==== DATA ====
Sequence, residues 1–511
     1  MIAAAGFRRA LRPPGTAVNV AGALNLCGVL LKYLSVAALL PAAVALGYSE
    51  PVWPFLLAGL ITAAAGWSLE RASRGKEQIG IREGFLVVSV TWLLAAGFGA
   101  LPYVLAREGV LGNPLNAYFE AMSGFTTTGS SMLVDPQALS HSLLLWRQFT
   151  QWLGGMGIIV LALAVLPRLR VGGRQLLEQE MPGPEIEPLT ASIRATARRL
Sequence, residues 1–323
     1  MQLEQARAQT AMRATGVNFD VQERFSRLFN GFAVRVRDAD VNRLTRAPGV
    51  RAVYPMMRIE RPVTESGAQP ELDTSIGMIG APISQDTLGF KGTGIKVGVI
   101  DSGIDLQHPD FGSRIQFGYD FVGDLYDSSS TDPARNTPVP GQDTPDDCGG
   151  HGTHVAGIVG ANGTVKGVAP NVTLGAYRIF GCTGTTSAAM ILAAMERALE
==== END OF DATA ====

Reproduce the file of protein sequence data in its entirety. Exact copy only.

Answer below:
Sequence, residues 1–511
     1  MIAAAGFRRA LRPPGTAVNV AGALNLCGVL LKYLSVAALL PAAVALGYSE
    51  PVWPFLLAGL ITAAAGWSLE RASRGKEQIG IREGFLVVSV TWLLAAGFGA
   101  LPYVLAREGV LGNPLNAYFE AMSGFTTTGS SMLVDPQALS HSLLLWRQFT
   151  QWLGGMGIIV LALAVLPRLR VGGRQLLEQE MPGPEIEPLT ASIRATARRL
Sequence, residues 1–323
     1  MQLEQARAQT AMRATGVNFD VQERFSRLFN GFAVRVRDAD VNRLTRAPGV
    51  RAVYPMMRIE RPVTESGAQP ELDTSIGMIG APISQDTLGF KGTGIKVGVI
   101  DSGIDLQHPD FGSRIQFGYD FVGDLYDSSS TDPARNTPVP GQDTPDDCGG
   151  HGTHVAGIVG ANGTVKGVAP NVTLGAYRIF GCTGTTSAAM ILAAMERALE